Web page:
Publisher: Candlewick Press
You can read the Goodreads summary here.
I purchased this book because I'm finally joining a real-life book club (YA for adults! Be still my beating heart!) and this is the first selection. I'd never heard of it before, but a cursory glance of the back cover made me think it was something I would enjoy. I was on board.
The Knife of Never Letting Go is the story of Todd Hewitt, just a few weeks away from officially becoming a man, Todd is growing up in Prentisstown in the New World. In Prentisstown, there are no women and every man's thoughts can be heard by every other man leading to a huge amount of noise. But one day when Todd walks into the woods and hears silence, his guardians hastily tell him he must leave Prentisstown and soon Todd is on adventure and he's not quite sure why, but he will come to discover that Prentisstown is not all he was led to believe.
The first thing that struck me was Todd's dialect. It was very backwoods and that's how the whole novel was written. The first sentence in the novel, for example: "The first thing you find out when yer dog learns to talk is that dogs don't got nothing much to say. About anything." I was afraid a book full of "yers" and words ending in "shuns" instead of "tions" would be distracting, but I caught on to the voice of the novel rather quickly and ultimately this language aided in creating a wonderful novel. The story would have been much less believable if Todd spoke perfect English. Besides, Todd might sound like a dumb hick, but he's actually very smart for someone with practically no education. Despite his flaws, Todd was a very likable character.
The silence Todd comes across while in the woods is actually a girl. Growing up in Prentisstown, Todd had been told that when they arrived to the New World (another planet) they settlers had to fight with the local alien group, who fashioned a biological warfare disease that killed off all the women. So seeing this girl was a huge shock to Todd and thus began his journey, not only of leaving Prentisstown, but of learning the truth. Taking that journey along with Todd, I began just as confused as he was since no one would explain to him what the truth was (and they couldn't because everyone else would be able to hear it in their thoughts). It wasn't until the end of the novel that the truth, or most of it, is learned and it all falls into place.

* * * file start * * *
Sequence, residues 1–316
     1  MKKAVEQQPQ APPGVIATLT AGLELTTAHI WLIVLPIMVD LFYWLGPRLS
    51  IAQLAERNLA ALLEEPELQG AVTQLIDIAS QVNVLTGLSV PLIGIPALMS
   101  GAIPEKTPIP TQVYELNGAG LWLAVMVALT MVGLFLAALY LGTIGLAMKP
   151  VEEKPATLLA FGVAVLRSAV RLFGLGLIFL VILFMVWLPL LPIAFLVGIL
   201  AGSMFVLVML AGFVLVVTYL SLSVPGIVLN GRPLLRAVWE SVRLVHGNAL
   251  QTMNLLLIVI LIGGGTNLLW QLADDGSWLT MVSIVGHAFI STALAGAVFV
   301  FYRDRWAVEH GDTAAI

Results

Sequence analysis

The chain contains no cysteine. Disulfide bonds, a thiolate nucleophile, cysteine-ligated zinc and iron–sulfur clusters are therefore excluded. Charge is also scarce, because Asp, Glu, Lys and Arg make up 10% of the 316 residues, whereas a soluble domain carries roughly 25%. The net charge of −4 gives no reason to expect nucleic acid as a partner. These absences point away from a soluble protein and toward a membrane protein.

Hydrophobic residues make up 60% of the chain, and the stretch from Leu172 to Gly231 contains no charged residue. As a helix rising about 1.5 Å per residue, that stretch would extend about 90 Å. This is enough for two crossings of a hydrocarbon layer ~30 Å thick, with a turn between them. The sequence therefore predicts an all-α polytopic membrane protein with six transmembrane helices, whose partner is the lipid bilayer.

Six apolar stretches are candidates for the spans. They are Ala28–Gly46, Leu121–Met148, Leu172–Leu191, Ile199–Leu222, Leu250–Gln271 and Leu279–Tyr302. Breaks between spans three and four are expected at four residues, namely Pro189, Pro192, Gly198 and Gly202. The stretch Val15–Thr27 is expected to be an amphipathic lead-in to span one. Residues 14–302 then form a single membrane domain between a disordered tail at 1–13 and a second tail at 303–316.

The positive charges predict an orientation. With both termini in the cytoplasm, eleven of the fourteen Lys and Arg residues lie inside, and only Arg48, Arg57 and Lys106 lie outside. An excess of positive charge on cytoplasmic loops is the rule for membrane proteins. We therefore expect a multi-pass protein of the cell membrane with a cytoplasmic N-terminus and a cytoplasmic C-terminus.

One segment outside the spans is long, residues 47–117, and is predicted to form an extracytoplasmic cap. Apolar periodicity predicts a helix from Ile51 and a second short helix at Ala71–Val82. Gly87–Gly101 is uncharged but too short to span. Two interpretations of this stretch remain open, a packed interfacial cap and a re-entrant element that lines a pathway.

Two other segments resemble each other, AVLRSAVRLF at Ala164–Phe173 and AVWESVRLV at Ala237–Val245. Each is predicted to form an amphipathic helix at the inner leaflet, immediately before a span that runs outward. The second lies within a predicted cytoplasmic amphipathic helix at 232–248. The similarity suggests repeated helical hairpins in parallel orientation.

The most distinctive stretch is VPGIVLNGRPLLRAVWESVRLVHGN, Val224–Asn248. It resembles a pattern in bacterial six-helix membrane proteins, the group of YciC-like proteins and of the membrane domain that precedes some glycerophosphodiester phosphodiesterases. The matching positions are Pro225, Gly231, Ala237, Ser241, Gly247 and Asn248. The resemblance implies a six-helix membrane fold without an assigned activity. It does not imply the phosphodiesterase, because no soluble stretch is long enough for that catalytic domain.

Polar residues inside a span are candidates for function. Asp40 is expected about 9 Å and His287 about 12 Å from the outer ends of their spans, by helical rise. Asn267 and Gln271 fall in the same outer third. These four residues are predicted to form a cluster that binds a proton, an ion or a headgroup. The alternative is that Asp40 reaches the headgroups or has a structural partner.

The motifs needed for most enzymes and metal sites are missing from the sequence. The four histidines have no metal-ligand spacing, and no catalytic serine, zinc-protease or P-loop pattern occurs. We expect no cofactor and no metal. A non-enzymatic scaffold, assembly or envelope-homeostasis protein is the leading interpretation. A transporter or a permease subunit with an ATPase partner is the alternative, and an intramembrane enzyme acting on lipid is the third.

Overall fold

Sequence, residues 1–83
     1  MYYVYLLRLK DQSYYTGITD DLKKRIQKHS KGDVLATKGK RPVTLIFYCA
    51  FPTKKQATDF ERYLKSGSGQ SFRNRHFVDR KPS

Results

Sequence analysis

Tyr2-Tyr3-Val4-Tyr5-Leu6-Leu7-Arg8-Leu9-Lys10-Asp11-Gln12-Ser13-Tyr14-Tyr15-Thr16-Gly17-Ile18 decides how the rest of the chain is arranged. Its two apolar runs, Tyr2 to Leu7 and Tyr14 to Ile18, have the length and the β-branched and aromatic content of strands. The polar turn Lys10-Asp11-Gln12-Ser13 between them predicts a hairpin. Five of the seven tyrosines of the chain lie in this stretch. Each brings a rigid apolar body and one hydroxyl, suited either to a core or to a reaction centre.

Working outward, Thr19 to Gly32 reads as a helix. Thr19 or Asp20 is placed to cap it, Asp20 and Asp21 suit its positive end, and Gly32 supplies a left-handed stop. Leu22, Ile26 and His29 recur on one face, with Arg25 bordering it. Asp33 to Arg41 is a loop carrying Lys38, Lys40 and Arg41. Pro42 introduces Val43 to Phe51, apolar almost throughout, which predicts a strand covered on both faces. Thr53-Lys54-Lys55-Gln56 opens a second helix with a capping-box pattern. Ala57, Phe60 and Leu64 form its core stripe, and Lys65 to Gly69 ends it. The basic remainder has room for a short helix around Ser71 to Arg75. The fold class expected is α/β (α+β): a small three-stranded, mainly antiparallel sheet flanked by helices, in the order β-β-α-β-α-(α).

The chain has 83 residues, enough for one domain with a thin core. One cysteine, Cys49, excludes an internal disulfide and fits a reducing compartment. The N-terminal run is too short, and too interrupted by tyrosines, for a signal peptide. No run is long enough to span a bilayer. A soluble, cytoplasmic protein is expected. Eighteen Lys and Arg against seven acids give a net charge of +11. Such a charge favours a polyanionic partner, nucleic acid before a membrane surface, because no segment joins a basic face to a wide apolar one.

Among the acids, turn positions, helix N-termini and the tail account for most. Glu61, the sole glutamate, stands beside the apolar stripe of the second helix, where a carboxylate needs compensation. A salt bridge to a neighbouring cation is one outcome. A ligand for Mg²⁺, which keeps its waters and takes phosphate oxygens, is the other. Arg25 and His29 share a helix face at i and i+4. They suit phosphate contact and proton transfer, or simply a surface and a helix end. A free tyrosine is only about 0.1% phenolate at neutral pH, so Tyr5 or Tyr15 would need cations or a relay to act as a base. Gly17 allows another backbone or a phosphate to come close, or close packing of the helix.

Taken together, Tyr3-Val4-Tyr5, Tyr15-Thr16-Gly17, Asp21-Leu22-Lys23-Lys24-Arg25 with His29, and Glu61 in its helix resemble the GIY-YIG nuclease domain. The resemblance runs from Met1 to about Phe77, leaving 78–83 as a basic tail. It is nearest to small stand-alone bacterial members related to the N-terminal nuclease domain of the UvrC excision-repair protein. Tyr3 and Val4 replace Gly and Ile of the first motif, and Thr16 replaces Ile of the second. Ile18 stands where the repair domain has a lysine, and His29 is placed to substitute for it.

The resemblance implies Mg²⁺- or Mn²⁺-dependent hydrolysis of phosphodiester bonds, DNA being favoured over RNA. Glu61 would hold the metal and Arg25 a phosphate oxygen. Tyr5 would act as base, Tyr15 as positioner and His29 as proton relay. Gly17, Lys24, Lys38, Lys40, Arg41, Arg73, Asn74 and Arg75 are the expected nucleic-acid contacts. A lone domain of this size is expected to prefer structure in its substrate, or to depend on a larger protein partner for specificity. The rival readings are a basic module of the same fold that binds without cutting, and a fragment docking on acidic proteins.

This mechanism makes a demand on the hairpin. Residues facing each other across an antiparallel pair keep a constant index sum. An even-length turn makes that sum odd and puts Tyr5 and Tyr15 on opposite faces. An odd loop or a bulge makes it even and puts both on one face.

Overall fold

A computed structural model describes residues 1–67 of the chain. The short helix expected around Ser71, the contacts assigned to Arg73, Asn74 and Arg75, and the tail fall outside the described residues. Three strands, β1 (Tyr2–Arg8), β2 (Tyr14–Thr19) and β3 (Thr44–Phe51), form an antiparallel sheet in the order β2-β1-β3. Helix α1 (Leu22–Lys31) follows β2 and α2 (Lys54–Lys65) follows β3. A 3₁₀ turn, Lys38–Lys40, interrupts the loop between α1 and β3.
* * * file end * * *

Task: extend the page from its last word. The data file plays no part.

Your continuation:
Todd takes a very interesting journey. The Knife of Never Letting Go is extremely action packed and I found myself having to set down the novel to take a breather. Todd never rests! Of course, you wouldn't either if you were being chased. The journey didn't go quite as I'd hoped, however. Part of the ending was predictable, but that didn't bother me. There were two things in particular, on the other hand, that really did bother me, though I cannot recount them here because they are massive spoilers. I really wanted to drop my rating to three stars because of it, but...
Four stars! I cannot fault the author simply for writing a story whose outcome I didn't like. I can kick and scream, but ultimately Patrick Ness is a great writer. However, the book dragged on a bit towards the end and I got that feeling of "let's be done already" which is where The Knife of Never Letting Go loses a star from me. If you love post-apocalytic novels, you'll definitely want to check out this, one the YA originals. You can also check out "The New World," a prequel by Ness that takes place before The Knife of Never Letting Go... it's free!